The decision ultimately over whether or not and when to draw down will not be made at my level. I will be a part of that recommendation. At this point, I would not be prepared to recommend a draw-down prior to the election, certainly not any significant numbers.
It may be that some of the units that are here now, we will not ask for replacements. And we continue to assess that, and we're not at the point where we make that decision yet.
Q: Again, if only to follow up briefly, how many forces does the United States now have in Iraq? And do you expect there might be a spike, in fact, more, to provide security for the referendum and then the general election?
GEN. VINES: Well, there's about 135,000 U.S. forces here in Iraq, and then there's some others around the region that provide support, so it depends on how you add those up. Conditions will dictate that. Right now, I would not be in a position to recommend any spike; I don't see that. Is it possible? Yes, if we think the conditions have changed, but right now I don't foresee a spike to support that referendum.
Q: Thank you.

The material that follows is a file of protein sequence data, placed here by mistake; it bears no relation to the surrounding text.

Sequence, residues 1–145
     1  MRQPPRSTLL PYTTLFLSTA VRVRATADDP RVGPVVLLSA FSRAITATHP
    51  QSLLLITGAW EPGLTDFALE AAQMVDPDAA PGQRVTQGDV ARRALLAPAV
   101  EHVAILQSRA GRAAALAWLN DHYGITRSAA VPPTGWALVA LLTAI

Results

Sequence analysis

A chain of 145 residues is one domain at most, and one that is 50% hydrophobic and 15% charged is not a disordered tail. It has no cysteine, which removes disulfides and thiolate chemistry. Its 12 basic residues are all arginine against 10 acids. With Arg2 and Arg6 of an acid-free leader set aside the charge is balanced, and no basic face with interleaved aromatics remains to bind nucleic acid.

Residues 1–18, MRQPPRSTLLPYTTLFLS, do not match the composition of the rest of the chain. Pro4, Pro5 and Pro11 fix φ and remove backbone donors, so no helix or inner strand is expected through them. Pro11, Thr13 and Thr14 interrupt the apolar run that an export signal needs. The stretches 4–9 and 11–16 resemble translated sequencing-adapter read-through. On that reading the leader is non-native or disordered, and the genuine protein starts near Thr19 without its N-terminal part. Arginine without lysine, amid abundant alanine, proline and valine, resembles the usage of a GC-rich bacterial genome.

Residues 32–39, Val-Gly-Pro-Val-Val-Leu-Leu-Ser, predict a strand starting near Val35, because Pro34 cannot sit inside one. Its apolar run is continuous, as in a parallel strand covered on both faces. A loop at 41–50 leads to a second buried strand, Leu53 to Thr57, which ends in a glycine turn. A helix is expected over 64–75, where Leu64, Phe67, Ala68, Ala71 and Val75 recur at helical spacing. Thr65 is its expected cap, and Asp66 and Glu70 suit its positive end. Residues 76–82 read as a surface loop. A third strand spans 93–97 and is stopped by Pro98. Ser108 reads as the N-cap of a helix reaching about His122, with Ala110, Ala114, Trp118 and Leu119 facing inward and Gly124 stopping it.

Q: General Vines, it's Bret Baier from Fox News Channel. We've heard a lot about the insurgency and what the makeup is. And heard some from Operation Spear that there's more evidence of increased numbers of foreign fighters. Can you break down what the enemy looks like for us? And, sir, is there a division within the enemy ranks, perhaps foreign fighters versus Iraqi insurgents?
GEN. VINES: Good question, Bret. Good to talk to you.
There are four broad groups, I think, within this insurgency, and the insurgency, quite honestly, is quite narrow. The level of support for violence is pretty narrow. The jihadists or the Zarqawi elements -- sometimes referred to the al Qaeda and associated movements here in country -- that number is not very large, but it is very violent. It has access to some technical capability, and it uses foreign fighters, historically, primarily to murder other Iraqis. It brings in foreigners, and they kill themselves and others, sometimes in vehicles, sometimes with -- they'll put a vest on and detonate it among a group. And it's -- so foreigners that are brought in typically do things that Iraqis won't do to each other. That's the history of them.
There are also some Sunni religious extremists within the country. That is also a fairly narrow group. Their opposition to the new government is based on religious objections. Again, that group is quite small, but it is very violent.